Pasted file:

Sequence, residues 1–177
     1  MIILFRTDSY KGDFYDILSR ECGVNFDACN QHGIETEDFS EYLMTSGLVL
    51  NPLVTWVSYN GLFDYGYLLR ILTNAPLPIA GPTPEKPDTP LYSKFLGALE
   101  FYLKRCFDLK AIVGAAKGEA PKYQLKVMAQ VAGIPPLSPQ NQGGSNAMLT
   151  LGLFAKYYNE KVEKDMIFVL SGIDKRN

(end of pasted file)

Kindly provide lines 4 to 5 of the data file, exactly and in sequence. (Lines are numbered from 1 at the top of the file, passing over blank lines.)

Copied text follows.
   101  FYLKRCFDLK AIVGAAKGEA PKYQLKVMAQ VAGIPPLSPQ NQGGSNAMLT
   151  LGLFAKYYNE KVEKDMIFVL SGIDKRN